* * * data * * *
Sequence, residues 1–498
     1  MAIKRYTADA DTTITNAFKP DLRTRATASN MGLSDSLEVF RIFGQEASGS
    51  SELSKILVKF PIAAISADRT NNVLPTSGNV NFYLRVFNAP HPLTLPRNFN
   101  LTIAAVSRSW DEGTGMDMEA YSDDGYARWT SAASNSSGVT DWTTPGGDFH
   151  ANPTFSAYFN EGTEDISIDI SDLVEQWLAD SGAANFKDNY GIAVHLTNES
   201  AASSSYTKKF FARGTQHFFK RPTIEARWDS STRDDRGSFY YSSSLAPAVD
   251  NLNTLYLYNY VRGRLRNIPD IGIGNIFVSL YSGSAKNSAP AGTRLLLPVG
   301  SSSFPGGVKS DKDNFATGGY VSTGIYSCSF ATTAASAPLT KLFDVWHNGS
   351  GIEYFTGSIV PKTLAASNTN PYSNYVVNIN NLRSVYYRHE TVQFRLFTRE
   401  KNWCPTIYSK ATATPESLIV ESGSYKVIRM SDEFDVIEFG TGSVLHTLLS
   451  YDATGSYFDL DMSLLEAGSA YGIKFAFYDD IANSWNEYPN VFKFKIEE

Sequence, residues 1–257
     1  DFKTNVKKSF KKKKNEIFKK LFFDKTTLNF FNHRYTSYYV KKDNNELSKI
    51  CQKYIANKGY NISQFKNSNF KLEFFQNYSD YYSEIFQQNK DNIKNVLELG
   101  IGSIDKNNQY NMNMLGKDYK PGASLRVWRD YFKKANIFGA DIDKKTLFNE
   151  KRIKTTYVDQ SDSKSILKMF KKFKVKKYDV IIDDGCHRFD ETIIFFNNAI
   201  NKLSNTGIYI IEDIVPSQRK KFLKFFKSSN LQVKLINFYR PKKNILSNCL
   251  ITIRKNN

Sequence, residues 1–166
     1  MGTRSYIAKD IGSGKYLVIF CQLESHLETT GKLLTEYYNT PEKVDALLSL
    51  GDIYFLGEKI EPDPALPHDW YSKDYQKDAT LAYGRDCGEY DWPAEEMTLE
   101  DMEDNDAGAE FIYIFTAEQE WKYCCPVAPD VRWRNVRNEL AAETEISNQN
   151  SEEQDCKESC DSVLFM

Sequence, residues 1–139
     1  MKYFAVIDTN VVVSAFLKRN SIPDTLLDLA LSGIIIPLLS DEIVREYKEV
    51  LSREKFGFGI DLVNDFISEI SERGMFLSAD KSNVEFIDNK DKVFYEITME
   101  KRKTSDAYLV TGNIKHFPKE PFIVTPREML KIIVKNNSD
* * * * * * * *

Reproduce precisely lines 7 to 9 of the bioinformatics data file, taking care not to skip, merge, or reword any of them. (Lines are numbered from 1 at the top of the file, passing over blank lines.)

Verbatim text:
   251  NLNTLYLYNY VRGRLRNIPD IGIGNIFVSL YSGSAKNSAP AGTRLLLPVG
   301  SSSFPGGVKS DKDNFATGGY VSTGIYSCSF ATTAASAPLT KLFDVWHNGS
   351  GIEYFTGSIV PKTLAASNTN PYSNYVVNIN NLRSVYYRHE TVQFRLFTRE